1 #1384 Walking with Jesus Along the Paths of His Passion Mark March 29, 2015, Palm/Passion Sunday W. Glenn Doak, Jr. The Scripture readings and Meditations for Palm Sunday reflect the Passion portions of Holy Week. Five short meditations are woven in between the story of Jesus Passion beginning with the Thursday night dinner in the Upper Room and ending with Jesus dying on the cross and being buried in a tomb. What follows are the Meditations and the Scripture readings beginning with Mark 14:1 and ending with Mark 15:47. Meditation: Before the Plot Against Jesus Palm Sunday was near enough the happiest day of Jesus life. If you think about it, he did not have many happy days. He was whisked off as a baby to Egypt for safe keeping. He was hauled up to Nazareth when he was a young boy. It appears as though he missed his childhood. The single story in the Bible about his boyhood was when he was twelve and appeared lost to his parents. They found him in the Temple with the Hebrew scholars talking about his Father s business. Sounds religious enough, but twelve year old boys are supposed to be boys, playing pranks, doing soccer and learning how to grow up. As Holy Week draws us in the heavenly handwriting was on the wall. He sensed it was going to end in a final cataclysmic rejection. He kept saying to his disciples, I am going to be rejected. Every last one of you are going to desert me. Never, they said, never! Well, we will see they are on the path, Jesus and his disciples on the path to Jerusalem from Jericho and there is no turning back. Pilate is concerned at the number of Passover pilgrims. Caiaphas and others are plotting hoping for someone to help them. A centurion is ready for the next execution. All eyes are on one figure Jesus. Let us enter his passion and observe. Let s follow Jesus on his final journey, and maybe by observing him, we may learn how to make ours. Reading: It was two days before the Passover and the festival of Unleavened Bread. The chief priests and the scribes were looking for a way to arrest Jesus by stealth and kill him; for they said, 'Not during the festival, or there may be a riot among the people.' While he was at Bethany in the house of Simon the leper, as he sat at the table, a woman came with an alabaster jar of very costly ointment of nard, and she broke open the jar and poured the ointment on his head. But some were there who said to one another in anger, 'Why was the ointment wasted in this way? For this ointment could have been sold for more than three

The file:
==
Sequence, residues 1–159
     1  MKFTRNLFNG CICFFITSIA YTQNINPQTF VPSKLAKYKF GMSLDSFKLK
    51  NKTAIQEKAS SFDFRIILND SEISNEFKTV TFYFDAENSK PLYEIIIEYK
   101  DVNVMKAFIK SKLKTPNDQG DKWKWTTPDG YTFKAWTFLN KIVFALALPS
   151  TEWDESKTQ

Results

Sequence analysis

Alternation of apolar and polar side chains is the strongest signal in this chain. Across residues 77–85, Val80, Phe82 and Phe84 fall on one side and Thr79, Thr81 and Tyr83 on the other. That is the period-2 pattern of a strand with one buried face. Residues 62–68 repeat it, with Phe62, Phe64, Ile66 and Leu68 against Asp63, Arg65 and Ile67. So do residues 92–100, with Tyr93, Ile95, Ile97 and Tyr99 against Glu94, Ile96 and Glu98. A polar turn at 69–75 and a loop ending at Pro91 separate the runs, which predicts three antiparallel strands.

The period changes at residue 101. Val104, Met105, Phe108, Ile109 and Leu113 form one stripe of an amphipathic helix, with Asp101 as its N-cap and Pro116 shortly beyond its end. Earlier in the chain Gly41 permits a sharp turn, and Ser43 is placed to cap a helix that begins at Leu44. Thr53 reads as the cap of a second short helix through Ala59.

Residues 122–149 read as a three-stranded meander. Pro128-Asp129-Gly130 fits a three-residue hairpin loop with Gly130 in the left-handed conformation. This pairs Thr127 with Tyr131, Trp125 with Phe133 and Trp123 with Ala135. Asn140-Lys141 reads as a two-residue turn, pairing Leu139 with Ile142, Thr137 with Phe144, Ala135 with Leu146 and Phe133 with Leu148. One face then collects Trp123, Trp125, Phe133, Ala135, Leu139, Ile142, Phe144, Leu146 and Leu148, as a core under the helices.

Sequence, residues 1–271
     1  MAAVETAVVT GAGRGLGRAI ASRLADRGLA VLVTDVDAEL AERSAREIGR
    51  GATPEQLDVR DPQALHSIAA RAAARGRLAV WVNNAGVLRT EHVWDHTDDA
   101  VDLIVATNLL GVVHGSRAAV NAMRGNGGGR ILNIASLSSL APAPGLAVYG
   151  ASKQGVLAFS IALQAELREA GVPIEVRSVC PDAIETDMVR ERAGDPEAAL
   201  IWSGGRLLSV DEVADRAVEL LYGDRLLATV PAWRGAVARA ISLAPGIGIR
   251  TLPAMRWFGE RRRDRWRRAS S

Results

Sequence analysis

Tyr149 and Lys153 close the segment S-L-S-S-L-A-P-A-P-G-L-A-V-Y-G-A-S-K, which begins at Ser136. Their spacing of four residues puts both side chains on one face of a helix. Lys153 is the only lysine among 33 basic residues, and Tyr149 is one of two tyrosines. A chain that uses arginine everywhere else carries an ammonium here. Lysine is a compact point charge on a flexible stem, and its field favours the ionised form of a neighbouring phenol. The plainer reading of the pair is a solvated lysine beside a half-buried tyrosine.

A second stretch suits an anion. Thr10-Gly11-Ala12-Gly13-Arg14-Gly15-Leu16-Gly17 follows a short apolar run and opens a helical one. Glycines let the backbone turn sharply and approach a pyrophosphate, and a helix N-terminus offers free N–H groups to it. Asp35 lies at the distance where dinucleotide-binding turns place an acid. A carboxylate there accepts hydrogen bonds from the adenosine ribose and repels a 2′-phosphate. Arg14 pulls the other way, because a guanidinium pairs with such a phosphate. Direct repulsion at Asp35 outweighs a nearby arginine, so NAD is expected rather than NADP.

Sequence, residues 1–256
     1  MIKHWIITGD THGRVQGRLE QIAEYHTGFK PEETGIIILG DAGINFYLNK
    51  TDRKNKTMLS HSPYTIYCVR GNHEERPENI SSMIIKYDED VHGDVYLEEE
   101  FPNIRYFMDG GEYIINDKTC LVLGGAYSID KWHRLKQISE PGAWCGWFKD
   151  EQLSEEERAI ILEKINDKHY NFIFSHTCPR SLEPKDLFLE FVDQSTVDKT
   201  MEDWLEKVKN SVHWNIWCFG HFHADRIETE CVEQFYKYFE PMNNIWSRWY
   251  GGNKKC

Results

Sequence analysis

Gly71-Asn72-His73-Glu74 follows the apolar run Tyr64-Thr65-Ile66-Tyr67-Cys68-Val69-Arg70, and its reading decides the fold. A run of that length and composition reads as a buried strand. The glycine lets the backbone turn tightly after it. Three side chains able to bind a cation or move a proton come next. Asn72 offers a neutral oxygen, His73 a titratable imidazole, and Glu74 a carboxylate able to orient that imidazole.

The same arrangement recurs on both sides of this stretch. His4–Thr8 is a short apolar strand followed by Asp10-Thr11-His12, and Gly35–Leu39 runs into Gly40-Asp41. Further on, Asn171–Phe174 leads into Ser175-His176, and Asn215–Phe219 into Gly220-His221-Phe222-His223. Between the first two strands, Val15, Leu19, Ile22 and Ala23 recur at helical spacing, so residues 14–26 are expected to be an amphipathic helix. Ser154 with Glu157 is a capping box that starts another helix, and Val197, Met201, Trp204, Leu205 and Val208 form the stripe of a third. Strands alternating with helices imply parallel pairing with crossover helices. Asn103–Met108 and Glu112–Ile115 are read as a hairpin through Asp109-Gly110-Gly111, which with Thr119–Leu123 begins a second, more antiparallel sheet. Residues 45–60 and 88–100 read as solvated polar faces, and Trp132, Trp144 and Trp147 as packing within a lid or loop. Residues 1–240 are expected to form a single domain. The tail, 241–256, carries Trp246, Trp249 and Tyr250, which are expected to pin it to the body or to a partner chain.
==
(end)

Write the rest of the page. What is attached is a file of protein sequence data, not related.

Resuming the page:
2 hundred denarii, and the money given to the poor.' And they scolded her. But Jesus said, 'Let her alone; why do you trouble her? She has performed a good service for me. For you always have the poor with you, and you can show kindness to them whenever you wish; but you will not always have me. She has done what she could; she has anointed my body beforehand for its burial. Truly I tell you, wherever the good news is proclaimed in the whole world, what she has done will be told in remembrance of her.' Then Judas Iscariot, who was one of the twelve, went to the chief priests in order to betray him to them. When they heard it, they were greatly pleased, and promised to give him money. So he began to look for an opportunity to betray him. On the first day of Unleavened Bread, when the Passover lamb is sacrificed, his disciples said to him, 'Where do you want us to go and make the preparations for you to eat the Passover?' So he sent two of his disciples, saying to them, 'Go into the city, and a man carrying a jar of water will meet you; follow him, and wherever he enters, say to the owner of the house, "The Teacher asks, Where is my guest room where I may eat the Passover with my disciples?" He will show you a large room upstairs, furnished and ready. Make preparations for us there.' So the disciples set out and went to the city, and found everything as he had told them; and they prepared the Passover meal. When it was evening, he came with the twelve. And when they had taken their places and were eating, Jesus said, 'Truly I tell you, one of you will betray me, one who is eating with me.' They began to be distressed and to say to him one after another, 'Surely, not I?' He said to them, 'It is one of the twelve, one who is dipping bread into the bowl with me. For the Son of Man goes as it is written of him, but woe to that one by whom the Son of Man is betrayed! It would have been better for that one not to have been born.' While they were eating, he took a loaf of bread, and after blessing it he broke it, gave it to them, and said, 'Take; this is my body.' Then he took a cup, and after giving thanks he gave it to them, and all of them drank from it. He said to them, 'This is my blood of the covenant, which is poured out for many. Truly I tell you, I will never again drink of the fruit of the vine until that day when I drink it new in the kingdom of God.' When they had sung the hymn, they went out to the Mount of Olives. And Jesus said to them, 'You will all become deserters; for it is written, "I will strike the shepherd, and the sheep will be scattered." But after I am raised up, I will go before you to Galilee.' Peter said to him, 'Even though all become deserters, I will not.' Jesus said to him, 'Truly I tell you, this day, this very night, before the cock crows twice, you will deny me three times.' But he said vehemently, 'Even though I must die with you, I will not deny you.' And all of them said the same.